Chinese buyers eye off Oz

Chinese buyers eye off Oz

11 January 2010 by Staff Reporter 0 comments

The Australian property market is gearing up for a boom year dominated by investors.

LJ Hooker real estate agency expects the majority of investors to hail from abroad, with the company establishing a Chinese-language website.

The real estate’s decision to launch a foreign website came after the government amended its investor regulations.

Today, foreigners who hold a temporary Australian visa for more than a year, and those holding a bridging visa while they apply for permanent residence, can now buy established as well as new homes.

Selling agent Michael Pallier from Raine & Horne’s branch in Sydney’s Double Bay told The Australian Financial Review, that since those changes were made, the level of foreign investor interest had soared.

Mr Pallier said at least five of his own sales worth more than $10 million each went to Chinese investors.

Sydney based valuer, Luke McNeilly said buyers with overseas address were mostly from Asia and often paid hundreds of thousands of dollars above market price.

“They are mostly buying into suburbs that are close to the city. Ultimo, Sydney [CBD], Haymarket, Camperdown, Broadway, they’re the suburbs where it happens fairly regularly,” Mr McNeilly said.

The Australian property market is gearing up for a boom year dominated by investors.

LJ Hooker real estate agency expects the majority of investors to hail from abroad, with the company establishing a Chinese-language website.

The real estate’s decision to launch a foreign website came after the government amended its investor regulations.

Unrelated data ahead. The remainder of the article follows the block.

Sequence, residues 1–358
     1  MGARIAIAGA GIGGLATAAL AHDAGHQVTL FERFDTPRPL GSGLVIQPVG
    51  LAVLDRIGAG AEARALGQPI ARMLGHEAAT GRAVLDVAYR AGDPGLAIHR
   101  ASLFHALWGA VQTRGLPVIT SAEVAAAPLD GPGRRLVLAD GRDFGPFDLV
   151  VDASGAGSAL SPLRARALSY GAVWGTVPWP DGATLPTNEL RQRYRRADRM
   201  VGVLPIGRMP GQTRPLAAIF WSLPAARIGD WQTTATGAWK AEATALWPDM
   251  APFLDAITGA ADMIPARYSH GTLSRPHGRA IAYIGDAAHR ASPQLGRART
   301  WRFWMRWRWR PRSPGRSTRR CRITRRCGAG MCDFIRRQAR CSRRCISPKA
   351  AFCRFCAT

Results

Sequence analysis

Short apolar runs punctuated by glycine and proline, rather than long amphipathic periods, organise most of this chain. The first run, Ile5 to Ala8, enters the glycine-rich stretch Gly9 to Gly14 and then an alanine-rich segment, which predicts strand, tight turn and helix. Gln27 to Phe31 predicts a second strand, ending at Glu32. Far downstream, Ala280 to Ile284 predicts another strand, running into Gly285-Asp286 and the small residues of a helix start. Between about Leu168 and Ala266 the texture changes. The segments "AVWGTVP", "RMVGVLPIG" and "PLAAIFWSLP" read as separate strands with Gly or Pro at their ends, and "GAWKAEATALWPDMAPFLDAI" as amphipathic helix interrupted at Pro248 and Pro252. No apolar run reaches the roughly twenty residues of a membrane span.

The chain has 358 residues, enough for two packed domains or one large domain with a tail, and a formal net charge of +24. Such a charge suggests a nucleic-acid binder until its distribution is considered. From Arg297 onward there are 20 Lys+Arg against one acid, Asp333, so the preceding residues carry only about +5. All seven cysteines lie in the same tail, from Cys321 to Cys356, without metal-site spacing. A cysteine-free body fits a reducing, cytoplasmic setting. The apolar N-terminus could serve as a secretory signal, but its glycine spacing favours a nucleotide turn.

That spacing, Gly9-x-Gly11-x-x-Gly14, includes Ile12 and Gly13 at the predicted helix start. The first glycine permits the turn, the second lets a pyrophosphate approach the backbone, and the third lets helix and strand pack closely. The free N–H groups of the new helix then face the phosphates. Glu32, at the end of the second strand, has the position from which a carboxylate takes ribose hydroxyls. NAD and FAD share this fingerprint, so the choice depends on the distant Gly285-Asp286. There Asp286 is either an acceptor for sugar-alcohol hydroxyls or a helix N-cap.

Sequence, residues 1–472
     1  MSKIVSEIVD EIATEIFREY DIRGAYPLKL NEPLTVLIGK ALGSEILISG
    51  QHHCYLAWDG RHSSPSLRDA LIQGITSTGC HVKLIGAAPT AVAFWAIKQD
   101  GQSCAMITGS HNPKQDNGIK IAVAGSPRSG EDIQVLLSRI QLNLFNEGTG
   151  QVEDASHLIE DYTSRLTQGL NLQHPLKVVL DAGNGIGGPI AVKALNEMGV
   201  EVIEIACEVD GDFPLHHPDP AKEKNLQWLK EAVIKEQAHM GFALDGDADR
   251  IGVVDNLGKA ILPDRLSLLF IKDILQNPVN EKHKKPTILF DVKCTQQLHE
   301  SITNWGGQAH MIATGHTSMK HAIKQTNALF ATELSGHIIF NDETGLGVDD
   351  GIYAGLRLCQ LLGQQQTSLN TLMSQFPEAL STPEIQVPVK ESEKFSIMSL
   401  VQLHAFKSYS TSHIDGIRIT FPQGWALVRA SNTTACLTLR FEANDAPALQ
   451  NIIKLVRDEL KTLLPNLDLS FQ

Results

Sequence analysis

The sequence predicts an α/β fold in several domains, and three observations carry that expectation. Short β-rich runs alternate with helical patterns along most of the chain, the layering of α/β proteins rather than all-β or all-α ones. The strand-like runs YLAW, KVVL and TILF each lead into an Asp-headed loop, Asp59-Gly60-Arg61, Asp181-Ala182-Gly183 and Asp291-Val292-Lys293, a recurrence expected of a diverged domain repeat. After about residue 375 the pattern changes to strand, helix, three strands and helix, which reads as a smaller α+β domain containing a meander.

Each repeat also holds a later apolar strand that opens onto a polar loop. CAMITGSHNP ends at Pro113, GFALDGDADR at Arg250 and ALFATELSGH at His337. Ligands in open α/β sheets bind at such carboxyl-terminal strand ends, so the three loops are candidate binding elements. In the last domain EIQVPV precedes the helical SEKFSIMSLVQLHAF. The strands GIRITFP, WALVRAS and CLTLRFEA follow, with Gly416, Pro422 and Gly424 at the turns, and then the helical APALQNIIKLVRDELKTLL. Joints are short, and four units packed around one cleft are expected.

Today, foreigners who hold a temporary Australian visa for more than a year, and those holding a bridging visa while they apply for permanent residence, can now buy established as well as new homes.

Selling agent Michael Pallier from Raine & Horne’s branch in Sydney’s Double Bay told The Australian Financial Review, that since those changes were made, the level of foreign investor interest had soared.

Mr Pallier said at least five of his own sales worth more than $10 million each went to Chinese investors.

Sydney based valuer, Luke McNeilly said buyers with overseas address were mostly from Asia and often paid hundreds of thousands of dollars above market price.

“They are mostly buying into suburbs that are close to the city. Ultimo, Sydney [CBD], Haymarket, Camperdown, Broadway, they’re the suburbs where it happens fairly regularly,” Mr McNeilly said.

promoted content
Recommended by Spike Native Network
Listen to other installment of the Real Estate Business Podcast
reb top 100 agents 2016

With a combined sales volume of $13 billion in 2016, the Top 100 Agents ranking represents the very best sales agents in Australia. Find out what sets them apart and learn their secrets to success.

featured podcast

featured podcast
William Phillips on how agents can expand their database and grow their business

In this episode of Secrets of the Top 100 Agents, host Tim Neary is joined again by William Phillips to discuss the real estate database and...

View all podcasts

Are dodgy agents being punished enough?

Yes (8.6%)
No (55%)
Only in some states (2.3%)
Not all dodgy agents are being found out (34.1%)

Total votes: 220
The voting for this poll has ended on: April 15, 2017
upcoming events
REB Awards
Sydney The Event Centre 12 Sep
REB Awards
Sydney The Event Centre 12 Sep
Melbourne The Event Centre 14 Oct
Brisbane The Event Centre 18 Dec
View all events
Do you have an industry update?